structure,” said Pinkham. “It’s difficult, but I
think it’s ‘doable’.”

Minimum rate rejected

Low pay and inequality are naturally interlinked, but the
commission was clear that the two must remain separate issues:
“Local government contains a number of job categories which
are generally low paid throughout the wider economy. It is
important to untangle low pay of this nature from issues of pay

Perhaps part of the problem lies with the fact that there is no
agreed definition of what constitutes low pay. And while the unions
urged a minimum hourly rate of £6.50 for public sector
workers, this was rejected by the commission which said that while
it agreed that there were recruitment hotspots for occupations at
the lower end of the pay scale, it did not believe this was
pervasive enough to justify a general uprating of the minimum rate
of pay.

Unison was “disappointed but not despondent”, said
Wakefield. “We don’t think they have taken our evidence
on low pay as seriously as we would have liked. It’s crazy
that local authorities are paying such low wages that tax payers
are subsidising it. A large proportion of people wouldn’t
have to supplement their income with state benefits if the minimum
wage was raised.”

And Bill McKitterick, chairperson of the Association of
Directors of Social Services’ human resources and training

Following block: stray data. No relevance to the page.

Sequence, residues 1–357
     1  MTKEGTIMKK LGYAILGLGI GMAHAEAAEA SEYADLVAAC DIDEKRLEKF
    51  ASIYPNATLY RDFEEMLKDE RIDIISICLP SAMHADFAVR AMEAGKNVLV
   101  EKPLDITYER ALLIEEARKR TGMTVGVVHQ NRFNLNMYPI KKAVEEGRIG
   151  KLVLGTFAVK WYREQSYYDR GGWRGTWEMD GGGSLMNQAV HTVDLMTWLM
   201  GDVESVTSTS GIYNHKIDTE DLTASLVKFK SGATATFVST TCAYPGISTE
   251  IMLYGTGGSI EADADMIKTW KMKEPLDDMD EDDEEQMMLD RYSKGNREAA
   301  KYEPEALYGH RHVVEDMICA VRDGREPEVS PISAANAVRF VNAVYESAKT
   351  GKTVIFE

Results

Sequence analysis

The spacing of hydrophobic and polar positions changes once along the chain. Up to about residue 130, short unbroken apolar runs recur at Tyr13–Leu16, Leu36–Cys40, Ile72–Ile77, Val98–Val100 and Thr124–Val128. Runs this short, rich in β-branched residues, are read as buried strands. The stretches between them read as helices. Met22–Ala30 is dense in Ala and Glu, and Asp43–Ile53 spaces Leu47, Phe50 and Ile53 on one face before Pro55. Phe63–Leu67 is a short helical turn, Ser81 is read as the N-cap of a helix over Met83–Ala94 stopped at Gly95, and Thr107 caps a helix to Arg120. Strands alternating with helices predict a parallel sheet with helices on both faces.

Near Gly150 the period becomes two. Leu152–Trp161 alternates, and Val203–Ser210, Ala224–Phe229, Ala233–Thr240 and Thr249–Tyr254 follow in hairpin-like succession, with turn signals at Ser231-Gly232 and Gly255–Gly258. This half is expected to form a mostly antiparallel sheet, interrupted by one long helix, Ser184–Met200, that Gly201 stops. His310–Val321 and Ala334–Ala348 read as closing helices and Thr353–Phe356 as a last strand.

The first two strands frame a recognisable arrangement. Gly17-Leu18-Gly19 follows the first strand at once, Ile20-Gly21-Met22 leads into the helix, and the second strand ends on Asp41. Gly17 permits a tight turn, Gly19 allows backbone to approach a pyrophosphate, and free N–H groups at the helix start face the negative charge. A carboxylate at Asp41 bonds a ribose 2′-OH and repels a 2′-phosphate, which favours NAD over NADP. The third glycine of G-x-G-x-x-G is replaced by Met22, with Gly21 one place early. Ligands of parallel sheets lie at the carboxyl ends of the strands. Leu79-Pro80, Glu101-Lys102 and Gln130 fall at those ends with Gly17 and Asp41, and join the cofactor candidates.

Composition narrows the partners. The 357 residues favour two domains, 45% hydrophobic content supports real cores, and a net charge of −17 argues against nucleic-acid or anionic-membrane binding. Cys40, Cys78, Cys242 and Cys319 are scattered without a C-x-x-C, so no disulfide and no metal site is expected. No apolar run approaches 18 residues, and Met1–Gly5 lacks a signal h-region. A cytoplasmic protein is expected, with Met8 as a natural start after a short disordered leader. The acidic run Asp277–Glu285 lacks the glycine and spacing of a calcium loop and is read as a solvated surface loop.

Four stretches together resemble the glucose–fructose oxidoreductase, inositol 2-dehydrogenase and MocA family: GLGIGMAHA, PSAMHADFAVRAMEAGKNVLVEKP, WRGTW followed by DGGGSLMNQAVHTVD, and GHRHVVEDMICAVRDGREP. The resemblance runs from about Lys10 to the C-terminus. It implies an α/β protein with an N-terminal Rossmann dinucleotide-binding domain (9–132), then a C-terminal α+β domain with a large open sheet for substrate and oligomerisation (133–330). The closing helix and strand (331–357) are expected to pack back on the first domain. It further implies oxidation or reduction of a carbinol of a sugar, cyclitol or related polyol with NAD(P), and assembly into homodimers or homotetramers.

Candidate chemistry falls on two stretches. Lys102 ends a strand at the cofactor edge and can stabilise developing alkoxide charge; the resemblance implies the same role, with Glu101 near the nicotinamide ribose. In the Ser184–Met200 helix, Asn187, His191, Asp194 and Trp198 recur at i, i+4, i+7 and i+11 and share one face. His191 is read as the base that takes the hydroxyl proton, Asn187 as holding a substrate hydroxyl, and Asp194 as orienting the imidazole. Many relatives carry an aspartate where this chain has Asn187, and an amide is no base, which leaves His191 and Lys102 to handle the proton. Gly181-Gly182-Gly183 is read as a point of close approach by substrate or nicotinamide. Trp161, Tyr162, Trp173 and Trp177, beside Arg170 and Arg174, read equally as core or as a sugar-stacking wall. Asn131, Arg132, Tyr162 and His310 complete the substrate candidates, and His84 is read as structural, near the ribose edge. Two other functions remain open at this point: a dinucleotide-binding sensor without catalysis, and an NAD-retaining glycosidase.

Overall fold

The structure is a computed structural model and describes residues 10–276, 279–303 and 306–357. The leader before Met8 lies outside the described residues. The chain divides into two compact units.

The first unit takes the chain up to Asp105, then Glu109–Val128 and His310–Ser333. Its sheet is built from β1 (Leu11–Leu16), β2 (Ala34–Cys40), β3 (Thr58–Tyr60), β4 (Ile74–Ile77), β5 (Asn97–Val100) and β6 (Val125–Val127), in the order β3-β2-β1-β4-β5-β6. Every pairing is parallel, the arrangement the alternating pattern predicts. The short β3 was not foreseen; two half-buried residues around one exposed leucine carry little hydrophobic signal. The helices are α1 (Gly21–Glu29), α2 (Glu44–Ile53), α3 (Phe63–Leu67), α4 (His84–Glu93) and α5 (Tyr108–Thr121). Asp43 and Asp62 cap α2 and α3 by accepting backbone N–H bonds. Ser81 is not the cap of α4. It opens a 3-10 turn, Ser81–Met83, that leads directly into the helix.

committee, said: “There’s an issue to ensure that
social care is recognised as an area where we can’t afford in
terms of service quality to always be paying the

Employers, on the other hand, welcomed the news. “Benefits
are often calculated on family incomes and not just the
individual’s and that is not something that employers can
take into account,” said Pinkham. “Distribution of
income is not a matter for employers, but for the state. Employers
can only react to labour markets.”

Pay for unsocial hours 

Tied up with the wranglings over pay is the employers wish for a
rethinking on premium payments for those who work unsocial hours.
Employers can’t see why they should have to pay more money
for people working evenings and weekends if that’s what they
want to do: “People want to work all sorts of patterns of
hours, some of which fit in well with delivering services, and it
doesn’t make sense to pay a premium for them to work the
hours they want to,” said Pinkham.